May 29, 2013 at 8:58 AM ET
Google announced its StreetView trekker has plunged under the waters of the Galapagos and tracked across its islands, bringing to the internet 360-degree images of the isolated landscape and world's largest living tortoises that inspired Darwin to develop his theory of evolution.
A smaller version of the same technology Google has used to do photographic drive-bys of nearly every address in the world, the Google Street View trekker consists of fifteen lenses seated inside an orb and mounted on a 42-lb aluminum frame backpack, snapping 75-megapixel photos at 2.5 frames per second. Google is stitching together and processing the Galapagos photos, and hopes to publish them online later this year.
That includes underwater encounters with sea lions, giant tortoises munching on vegetation, and sightings of blue-footed boobies. "Google Maps users will be able to zoom in on their blue webbed feet," Raleigh Seamster, Project Lead, Google Maps, told NBC News. An interactive preview of the sea lion panorama is already online.
620 miles west of the Ecuadorian mainland in northwest South America, data collectors traveled by foot and horseback and by boat through choppy waters, over isolated trails and 2.5 miles of lava fields, capturing with the trekker's eye landscapes virgin to, and in some cases, forbidden from, even the most adventurous tourists' hiking boot. Meanwhile, a team from the Catlin Seaview Survey Google partnered with for the project captured underwater imagery.
"Our mission is to make the most comprehensive useful and accurate maps," said Seamster. "That means going to the farthest reaches of the world." Previously the trekker has gone to places like the Amazon River, Grand Canyon and the Canadian Arctic, brought by trike, snowmobile and even a submersible.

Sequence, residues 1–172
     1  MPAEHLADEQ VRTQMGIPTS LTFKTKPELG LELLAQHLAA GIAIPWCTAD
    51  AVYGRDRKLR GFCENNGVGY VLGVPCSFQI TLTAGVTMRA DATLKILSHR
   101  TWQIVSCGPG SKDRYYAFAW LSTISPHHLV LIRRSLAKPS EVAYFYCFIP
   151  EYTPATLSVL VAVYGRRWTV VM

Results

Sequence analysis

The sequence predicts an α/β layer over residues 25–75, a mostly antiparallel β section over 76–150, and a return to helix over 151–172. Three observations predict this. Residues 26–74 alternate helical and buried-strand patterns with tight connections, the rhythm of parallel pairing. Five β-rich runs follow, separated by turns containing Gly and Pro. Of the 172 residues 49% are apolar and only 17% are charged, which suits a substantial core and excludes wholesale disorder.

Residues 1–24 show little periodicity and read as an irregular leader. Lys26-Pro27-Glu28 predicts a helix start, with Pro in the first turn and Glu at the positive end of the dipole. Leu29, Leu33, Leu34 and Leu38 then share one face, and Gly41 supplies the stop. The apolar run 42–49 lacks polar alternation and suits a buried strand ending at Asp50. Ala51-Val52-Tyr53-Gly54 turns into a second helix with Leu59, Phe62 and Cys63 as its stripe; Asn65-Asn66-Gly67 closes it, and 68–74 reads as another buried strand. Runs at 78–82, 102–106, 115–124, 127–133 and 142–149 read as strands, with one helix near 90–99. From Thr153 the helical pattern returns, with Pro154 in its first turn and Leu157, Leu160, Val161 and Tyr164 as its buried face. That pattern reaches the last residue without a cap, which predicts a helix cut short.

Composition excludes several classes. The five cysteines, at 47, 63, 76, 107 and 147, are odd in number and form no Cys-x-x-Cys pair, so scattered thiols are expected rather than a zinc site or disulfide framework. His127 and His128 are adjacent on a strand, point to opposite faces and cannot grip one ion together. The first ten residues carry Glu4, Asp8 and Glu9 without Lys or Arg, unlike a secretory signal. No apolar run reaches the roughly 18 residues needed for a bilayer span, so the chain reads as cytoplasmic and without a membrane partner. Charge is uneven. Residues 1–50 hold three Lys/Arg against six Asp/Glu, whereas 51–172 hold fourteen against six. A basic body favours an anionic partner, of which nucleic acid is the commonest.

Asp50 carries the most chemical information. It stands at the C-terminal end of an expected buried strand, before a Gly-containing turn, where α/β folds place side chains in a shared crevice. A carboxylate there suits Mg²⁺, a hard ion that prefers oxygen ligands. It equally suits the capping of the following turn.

There's no doubt the team has captured some very special images, such as when a group of about 20 sea lions approached the diving team underwater and tried to make the camera their new playmate.
"There's something about a place where creatures approach you and are inquisitive," Richard Ververs, Project Director of the Catlin Seaview Survey, told NBC News. "You're able to have experiences that you can't have anywhere else on the planet."
Besides the pure "wow" factor, the collected images will also serve important scientific goals. Beneath the water, researchers were able to document in vivid detail the slow recovery of Galapagos coral reefs from global bleaching events that killed numerous coral ecosystems around the world in response to warmer waters. Scientists from the Charles Darwin Foundation, who both guided Googlers and performed some of the photographic excursions themselves, will be able to use the images to do "ground-truthing" of habitat trends seen from space, as well as check for invasive species and the impact of tourism, without executing costly expeditions or disturbing a single leaf.
While declining to specify where the eye of Google will fall next, there's "a ton of interest to map more and more," using the Street View trekker, said Seamster. "We will be going more places."